Flacherie

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Flacherie (literally: "flaccidness") is a disease of silkworms, caused by silkworms eating infected or contaminated mulberry leaves. Flacherie infected silkworms look weak and can die from this disease. Silkworm larvae that are about to die from Flacherie are a dark brown.

There are two kinds of flacherie: essentially, infectious (viral) flacherie and noninfectious (bouffee) flacherie. Both are technically a lethal diarrhea.

Bouffée flacherie is caused by heat waves (bouffée means "sudden heat spell" in French).

Viral flacherie is ultimately caused by infection with Bombyx mori infectious flacherie virus (BmIFV, Iflaviridae), Bombyx mori densovirus (BmDNV, Parvoviridae) or Bombyx mori cypovirus 1 (BmCPV-1, Reoviridae). This either alone or in combination with bacterial infection destroys the gut tissue. Bacterial pathogens contributing to infectious flaccherie are Serratia marcescens, and species of Streptococcus and Staphylococcus in the form known as thatte roga.

Louis Pasteur, who began his studies on silkworm diseases in 1865, was the first one able to recognize that mortality due to viral flacherie was caused by infection. (Priority, however, was claimed by Antoine Béchamp.[1]) Richard Gordon described the discovery: "The French silk industry was meanwhile plummeting from a 130 million to an 8 million francs annual income, because the silkworms had all caught pébrine, black pepper disease…He [Pasteur] went south from Paris to Alais, and rewarded them by discovering the silkworm epidemic to be inflicted by some sort of living microbe…Pasteur threw in another disease, flâcherie, silkworm diarrhoea. The cures for both were culling the insects which showed the peppery spots — the peasants bottled the silkworm moths in brandy, for display to the experts — and rigorous hygiene of the mulberry leaf."[2]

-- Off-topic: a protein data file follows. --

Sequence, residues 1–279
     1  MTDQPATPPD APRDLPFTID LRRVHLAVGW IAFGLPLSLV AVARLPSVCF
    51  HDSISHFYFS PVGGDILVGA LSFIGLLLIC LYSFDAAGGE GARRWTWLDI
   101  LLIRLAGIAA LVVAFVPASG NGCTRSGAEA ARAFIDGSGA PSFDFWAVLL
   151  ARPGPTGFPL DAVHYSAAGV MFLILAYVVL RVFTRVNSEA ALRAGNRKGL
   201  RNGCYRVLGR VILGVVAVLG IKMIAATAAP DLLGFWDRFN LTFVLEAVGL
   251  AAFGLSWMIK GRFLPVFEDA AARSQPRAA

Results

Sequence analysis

References[edit]

  1. ^ A. Béchamp, "La maladie microzymateuse des vers à soie et les granulations moléculaires", Comptes rendus de l'Académie des sciences, 67 (1868), p. 443, available on Gallica.
  2. ^ Richard Gordon. The Alarming History of Medicine: Amusing Anecdotes from Hippocrates to Heart Transplants. New York: St. Martin’s Press, 1993. p. 19.